Siobhan Moriarty, Diageo General Counsel on Championing Women in Business
Our General Counsel, Siobhan Moriarty, has been featured in the 2017 FT and HERoes ‘50 Female Champions of Women in Business’ list. We took the opportunity to sit down and chat with her about her career path, inspiration and the importance of gender diversity.
Feature 27 SEP 2017
Tell us a bit about your career path.
I started my career as a lawyer back home in Ireland. I decided to move to London to broaden out my experience and only intended to stay a few years, but have been here ever since! Prior to joining Diageo, I worked at London law firm Clifford Chance for seven years.
I joined what would soon become Diageo plc in 1997 and worked as legal counsel on the Guinness and Grand Metropolitan merger. It was such an exciting time for the company. Since then, I have had a number of roles including General Counsel Europe, Regional Counsel Ireland and Corporate M&A Counsel.
I was appointed General Counsel Diageo plc in 2013.
What does it mean to you to be an effective leader?
Being an effective leader is really about being a master of building relationships with all levels of business. A strong leader stays true to who they are and recognises the strength in individuals’ differences. They also know how to bring the best out of these differences allowing everyone to grow and be themselves - that is when diversity and inclusion happens.
One of my most significant achievements in business has been to be an effective female leader at Diageo and be able to contribute to and progress our diversity and inclusion agenda.
Who has been your greatest inspiration and why?
My mother has always inspired me. She was a teacher back in the 1960’s and 1970’s and was part of the first generation of female civil servants who weren’t forced to retire when they married, so she didn’t. It was quite unusual for her day. I was one of six children and she continued to teach until she retired. She was definitely the only mother out of my group of school friends’ mums who worked. As a family, we accepted our situation as “the norm” and just got on with it.
The other person who really inspired me was my history teacher at school. He was so passionate about what he did that he taught us topics that weren’t even on the curriculum, like the Russian revolution. He later became an independent socialist TD (Ireland’s equivalent of MP) for inner city Dublin. I didn’t agree with his politics, but he really broadened my horizons and my interest in history, current affairs and politics.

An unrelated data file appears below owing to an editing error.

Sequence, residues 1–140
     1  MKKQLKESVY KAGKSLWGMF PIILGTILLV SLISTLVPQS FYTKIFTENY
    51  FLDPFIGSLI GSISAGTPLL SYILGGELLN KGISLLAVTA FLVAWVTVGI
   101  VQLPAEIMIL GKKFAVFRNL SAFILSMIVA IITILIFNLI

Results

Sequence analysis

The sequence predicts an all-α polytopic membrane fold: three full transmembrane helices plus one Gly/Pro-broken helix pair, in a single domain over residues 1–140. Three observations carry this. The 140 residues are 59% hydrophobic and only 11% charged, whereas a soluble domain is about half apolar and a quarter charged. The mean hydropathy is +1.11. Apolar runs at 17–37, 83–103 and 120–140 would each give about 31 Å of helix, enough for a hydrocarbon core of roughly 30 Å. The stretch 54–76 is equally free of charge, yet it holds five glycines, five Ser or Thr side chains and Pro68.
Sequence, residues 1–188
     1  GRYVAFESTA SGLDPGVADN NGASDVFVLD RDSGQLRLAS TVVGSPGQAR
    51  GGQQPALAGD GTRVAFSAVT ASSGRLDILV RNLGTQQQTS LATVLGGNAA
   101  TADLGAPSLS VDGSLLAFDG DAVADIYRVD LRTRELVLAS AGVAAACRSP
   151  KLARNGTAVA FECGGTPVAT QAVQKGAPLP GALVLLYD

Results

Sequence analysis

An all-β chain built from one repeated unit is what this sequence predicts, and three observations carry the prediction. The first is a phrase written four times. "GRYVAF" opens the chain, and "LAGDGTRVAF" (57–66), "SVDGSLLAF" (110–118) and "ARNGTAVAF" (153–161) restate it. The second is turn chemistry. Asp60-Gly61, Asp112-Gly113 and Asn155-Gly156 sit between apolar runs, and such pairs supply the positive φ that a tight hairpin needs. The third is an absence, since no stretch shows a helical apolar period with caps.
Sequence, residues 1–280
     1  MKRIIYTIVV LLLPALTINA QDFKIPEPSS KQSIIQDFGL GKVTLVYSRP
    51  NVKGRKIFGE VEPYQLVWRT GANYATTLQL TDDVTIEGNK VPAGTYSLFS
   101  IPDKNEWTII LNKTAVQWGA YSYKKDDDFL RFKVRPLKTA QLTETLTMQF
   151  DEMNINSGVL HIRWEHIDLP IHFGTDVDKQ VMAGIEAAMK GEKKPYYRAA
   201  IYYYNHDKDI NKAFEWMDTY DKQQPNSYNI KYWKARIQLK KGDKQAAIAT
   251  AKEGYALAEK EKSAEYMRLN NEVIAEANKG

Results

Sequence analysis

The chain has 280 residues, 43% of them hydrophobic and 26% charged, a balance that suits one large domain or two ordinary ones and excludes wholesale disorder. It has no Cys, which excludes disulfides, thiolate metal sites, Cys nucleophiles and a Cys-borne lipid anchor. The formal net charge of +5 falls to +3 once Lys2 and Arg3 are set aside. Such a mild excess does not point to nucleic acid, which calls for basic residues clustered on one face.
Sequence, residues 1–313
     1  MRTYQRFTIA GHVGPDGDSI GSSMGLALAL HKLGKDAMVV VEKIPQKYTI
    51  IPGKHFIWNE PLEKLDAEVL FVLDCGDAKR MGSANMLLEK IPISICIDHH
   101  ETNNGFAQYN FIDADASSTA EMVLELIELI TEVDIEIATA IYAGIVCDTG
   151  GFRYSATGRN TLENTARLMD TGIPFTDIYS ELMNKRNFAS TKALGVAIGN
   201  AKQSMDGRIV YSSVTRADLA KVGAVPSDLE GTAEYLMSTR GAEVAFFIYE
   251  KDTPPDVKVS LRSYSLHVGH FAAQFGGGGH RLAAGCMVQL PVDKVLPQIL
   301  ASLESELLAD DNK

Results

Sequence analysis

What do you think are some of the barriers to gender diversity and how do we overcome them?
Unconscious bias – and more so women unconsciously putting limits on themselves. Not to generalise, but I see a lot of women think that because they don’t have the all the skills or experience needed for a role, they can’t do it, so they take themselves out of the running. This was something the Hampton-Alexander review pointed out last year and referred to it as a confidence gap, with men being over confident and women under confident in their abilities.
Everyone, EVERYONE has a role to play in achieving gender diversity. Business leaders and managers need to encourage women to take on bigger roles and provide them with the support they need. And we need to encourage women to be brave, back themselves and say yes more often.
I also believe we need to instil this belief and encourage girls at primary and secondary school not to count themselves out. Research has suggested that girls as young as five associate cleverness with the opposite sex. So, I really believe that we need to be doing more to encourage girls early on in life to be confident and pursue their goals. We need to encourage them to take STEM subjects, put themselves forward for opportunities and believe that one day they can be leading a FTSE 100 or even a FTSE 10 company.
And finally, what advice would you give to young women and men who have aspirations to become business leaders?
Be yourself and do something you really want to do, what gives you energy. Be courageous and aim high and turn the knocks along the way into lessons you can grow from.